It is both familiar and appropriate to take the Old Testament text and the gospel together as explaining and approving marriage as part of God’s design for human life. Perhaps, though, they and the epistle are also making a larger point. When the Old Testament tells us that woman was created from man, it tells us that God prizes our distinctivenesses: to hark back to the earlier account in Genesis, God has created each and every one of us in God’s image. It may also be telling us that each of us is created part of all the others. I am a part of you and you are a part of me, and you and I are each a part of people we will never meet, because through God every human being carries the imprint of all human beings. From this it follows that it should matter to me if you are hungry or cold or sad or fearful or in the dark, and it should matter enough to me to do what I can to feed you, warm you, cheer you, or bring you light. For me to turn my back on you amounts to a kind of divorce: you will learn from it, as children of bitter divorces do, that there are questions that are not to be asked and kinds of help you deserve that are not to be gained in your interaction through me, and this closed door may well hamper you in your other dealings.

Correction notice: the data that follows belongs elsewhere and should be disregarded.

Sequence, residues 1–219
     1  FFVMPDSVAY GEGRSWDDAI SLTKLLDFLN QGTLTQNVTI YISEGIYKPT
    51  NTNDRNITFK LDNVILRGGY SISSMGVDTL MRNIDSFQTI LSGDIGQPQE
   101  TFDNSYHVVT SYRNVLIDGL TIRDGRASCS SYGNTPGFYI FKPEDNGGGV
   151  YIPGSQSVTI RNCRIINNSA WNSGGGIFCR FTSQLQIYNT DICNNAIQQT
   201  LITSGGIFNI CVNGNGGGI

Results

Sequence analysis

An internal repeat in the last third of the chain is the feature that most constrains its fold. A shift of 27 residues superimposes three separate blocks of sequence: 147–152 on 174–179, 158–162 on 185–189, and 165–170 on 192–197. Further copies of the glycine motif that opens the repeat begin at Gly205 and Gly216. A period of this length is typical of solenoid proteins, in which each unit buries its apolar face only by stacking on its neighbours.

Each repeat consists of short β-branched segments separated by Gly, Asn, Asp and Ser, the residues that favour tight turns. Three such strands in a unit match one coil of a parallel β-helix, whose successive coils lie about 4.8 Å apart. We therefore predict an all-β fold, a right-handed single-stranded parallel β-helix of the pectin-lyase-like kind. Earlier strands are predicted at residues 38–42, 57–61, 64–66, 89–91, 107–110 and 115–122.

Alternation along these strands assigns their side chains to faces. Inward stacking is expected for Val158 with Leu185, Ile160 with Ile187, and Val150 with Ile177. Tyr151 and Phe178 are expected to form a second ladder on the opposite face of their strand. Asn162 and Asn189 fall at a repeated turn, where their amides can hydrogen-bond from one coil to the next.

To turn and seek and serve Christ in someone who has ignored or even scorned me can be painful. To turn and seek and serve Christ in someone I have ignored or scorned can be both painful and shame-inducing. Nevertheless, Jesus whom we all crucified calls me to do exactly that. In so doing I help build up the body of Christ, grace by grace and soul by soul.